Review: Ibb & Obb is a delightful adventure best enjoyed with a pal
The world of Ibb & Obb is a magical, colorful, wondrous place that's a joy to visit. It's also somewhat of a confusing, frustrating place. That's not a knock against this jovial effort from developer Sparpweed in conjunction with Codeglue, though. Ibb & Obb is, for all intents and purposes, a great puzzler that's not afraid to truly mess with your brain, and while this particular downloadable adventure can be a solo undertaking, it's very clearly suited for playing alongside someone else. Specifically, this is a game you play with a friend right next to you, because that's the way you'll get the most enjoyment out of it.
Ibb & Obb is the very definition of a two-player couch co-op adventure. One player takes control of Ibb while another plays as Obb. The main hook is the gravity gameplay, which often requires one individual to run across the top field while the other is flipped upside-down directly below his or her pal. Things start off simple enough, but it doesn't take long for the game's many puzzles to become incredibly challenging and even a tad infuriating at times. Thankfully, all of those tough puzzles always end with a high level of satisfaction once you figure them out.
Many times, both players must work together while on the same field. This is simple enough if you're on the top side where gravity is normal. It's those moments when you're upside-down that really force you to think in order to progress. Not surprisingly, the tougher puzzles in Ibb & Obb tend to be relegated primarily to the lower field. That's fine, and it certainly makes sense from a design standpoint, but you really need to be aware of your surroundings and get accustomed to controlling your adorable, tiny upside-down creature.
If you're playing locally with a buddy, even the toughest of challenges can be overcome without having to worry about doubt creeping into your mind. Unfortunately, if you choose to play Ibb & Obb by yourself, you're in store for a few unpleasant experiences and possibly even some fits of anger that eventually lead up to a good old-fashioned ragequit. While playing the game by myself, I encountered several puzzles that were just far too difficult to clear on my own, so I found it best to step away from the game and clear my mind of all the negativity associated with not being able to complete more than a handful of challenges thrown my way.
Play with someone online, and you're likely to have mixed feelings about the difficulty. As long as both players are on the same track, it's easy to solve most puzzles. You can even communicate by drawing lines using the right analog stick. Sadly, you won't always be on the same page, because the pace for solving puzzles varies from person to person. There were a few instances where I immediately knew what to do when playing online, only to realize that other players were stuck. Despite my best efforts to guide these individuals, I realized that they were going to have to take their time and figure things out on their own.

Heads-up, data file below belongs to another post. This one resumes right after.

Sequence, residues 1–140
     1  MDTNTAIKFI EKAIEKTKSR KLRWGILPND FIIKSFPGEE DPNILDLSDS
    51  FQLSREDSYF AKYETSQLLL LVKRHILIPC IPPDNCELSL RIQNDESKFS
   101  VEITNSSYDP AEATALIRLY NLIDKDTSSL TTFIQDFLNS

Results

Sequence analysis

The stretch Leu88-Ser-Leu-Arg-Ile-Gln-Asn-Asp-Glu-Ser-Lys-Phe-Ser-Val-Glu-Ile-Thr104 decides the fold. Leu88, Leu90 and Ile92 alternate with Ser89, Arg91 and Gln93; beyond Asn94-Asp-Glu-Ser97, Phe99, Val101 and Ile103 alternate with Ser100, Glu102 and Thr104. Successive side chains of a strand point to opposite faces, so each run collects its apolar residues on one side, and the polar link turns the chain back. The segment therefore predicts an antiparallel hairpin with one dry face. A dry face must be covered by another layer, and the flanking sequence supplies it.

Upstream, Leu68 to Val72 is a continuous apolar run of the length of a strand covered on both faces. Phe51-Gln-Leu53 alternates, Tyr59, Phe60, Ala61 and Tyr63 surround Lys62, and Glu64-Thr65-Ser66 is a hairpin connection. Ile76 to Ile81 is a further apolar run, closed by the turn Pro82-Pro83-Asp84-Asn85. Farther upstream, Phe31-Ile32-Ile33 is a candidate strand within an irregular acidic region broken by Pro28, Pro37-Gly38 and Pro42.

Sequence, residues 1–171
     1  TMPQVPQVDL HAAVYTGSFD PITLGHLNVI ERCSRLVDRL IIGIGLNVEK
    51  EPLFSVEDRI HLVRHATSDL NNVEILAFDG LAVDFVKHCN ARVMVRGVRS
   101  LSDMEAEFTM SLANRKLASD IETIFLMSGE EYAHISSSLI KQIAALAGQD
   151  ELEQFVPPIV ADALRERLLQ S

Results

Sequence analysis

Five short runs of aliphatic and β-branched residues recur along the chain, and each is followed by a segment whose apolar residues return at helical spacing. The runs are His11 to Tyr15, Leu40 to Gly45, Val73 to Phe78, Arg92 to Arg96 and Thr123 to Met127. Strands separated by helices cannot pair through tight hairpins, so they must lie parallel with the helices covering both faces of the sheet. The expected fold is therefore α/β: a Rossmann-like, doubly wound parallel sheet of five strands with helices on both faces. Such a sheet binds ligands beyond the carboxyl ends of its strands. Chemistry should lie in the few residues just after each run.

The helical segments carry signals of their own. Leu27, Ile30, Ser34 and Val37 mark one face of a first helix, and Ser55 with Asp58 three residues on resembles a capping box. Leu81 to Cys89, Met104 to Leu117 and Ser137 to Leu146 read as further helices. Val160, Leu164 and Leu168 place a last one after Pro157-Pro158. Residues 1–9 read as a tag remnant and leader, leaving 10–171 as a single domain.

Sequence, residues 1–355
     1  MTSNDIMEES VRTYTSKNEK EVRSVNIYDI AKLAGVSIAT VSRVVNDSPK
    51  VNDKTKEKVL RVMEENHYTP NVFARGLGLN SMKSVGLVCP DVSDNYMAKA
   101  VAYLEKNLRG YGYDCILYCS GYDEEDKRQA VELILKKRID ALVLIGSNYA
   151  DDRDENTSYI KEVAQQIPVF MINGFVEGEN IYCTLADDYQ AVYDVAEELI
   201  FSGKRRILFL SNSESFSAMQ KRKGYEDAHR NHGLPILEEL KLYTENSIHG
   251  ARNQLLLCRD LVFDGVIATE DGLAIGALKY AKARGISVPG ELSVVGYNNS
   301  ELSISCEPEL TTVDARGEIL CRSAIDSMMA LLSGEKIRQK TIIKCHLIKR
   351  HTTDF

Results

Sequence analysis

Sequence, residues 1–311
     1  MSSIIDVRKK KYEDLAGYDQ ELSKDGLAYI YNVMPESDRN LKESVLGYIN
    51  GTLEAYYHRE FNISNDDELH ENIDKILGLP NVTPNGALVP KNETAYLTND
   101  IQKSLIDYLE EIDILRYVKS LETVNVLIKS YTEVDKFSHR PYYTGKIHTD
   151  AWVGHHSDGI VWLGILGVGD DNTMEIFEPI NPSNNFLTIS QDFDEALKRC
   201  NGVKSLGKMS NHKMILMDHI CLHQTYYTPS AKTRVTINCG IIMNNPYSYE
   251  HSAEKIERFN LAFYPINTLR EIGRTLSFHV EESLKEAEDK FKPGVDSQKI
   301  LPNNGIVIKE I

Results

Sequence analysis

One of the better online experiences I had was while playing with another writer who was pretty good about communicating with me via Twitter and had a good grasp of the puzzles. Still, absolutely nothing beats playing with a buddy by your side, because the communication is more organic and seamless, and it's just easier to figure out who does what. As a local co-op experience, Ibb & Obb shines bright and is wonderfully brilliant, tasking players with multiple objectives and rewarding them for working together.
By far one of the strongest aspects of Ibb & Obb is its graphical presentation. Simply put, the game looks gorgeous, and the way the various colors are combined to create the dreamlike worlds is really awesome to witness. There's an undeniable artistry in the whole thing, and seeing how pinks and violets fade into greens and blues is a sight worth beholding. If you get hit by an enemy, both Ibb and Obb burst into hundreds of tiny dots, further adding to the almost surrealistic aesthetic.
The music is also rad, with various themes providing a lovely soundtrack for the whole experience. Music goes through several changes throughout the course of your run through Ibb & Obb. Sometimes you can hear a calming, serene track guiding you through the world, while other times a funky beat plays on and gets crazier as you encounter harder puzzles or large enemies. Oh, and the track that plays whenever you clear a level is among the best musical offerings in the game. (It's doubly charming when you see Ibb and Obb dancing around with other similarly blob-like characters.)
You can get through Ibb & Obb in roughly five or six hours. While not especially lengthy, that's a pretty good amount of time for a game that you should play with the helping hand of a friend. The game's 15 levels are fairly lengthy, and if you're the exploratory type, you can even seek out an additional eight levels, which are tucked away within the main stages.
If you're going to play Ibb & Obb by yourself, there's a lot of fun to be had. Sometimes it's next to impossible controlling both Ibb and Obb simultaneously with the left and right analog sticks, but the premise and the levels are entertaining and satisfying regardless. That entertainment and that satisfaction, however, are amplified to the nth degree if you're playing with someone else. As a single-player affair, this title's intense and merciless. If you have someone sitting right next to you, ready to venture forth into a beautiful land rife with adventure and puzzles, Ibb & Obb is a game you should not miss.
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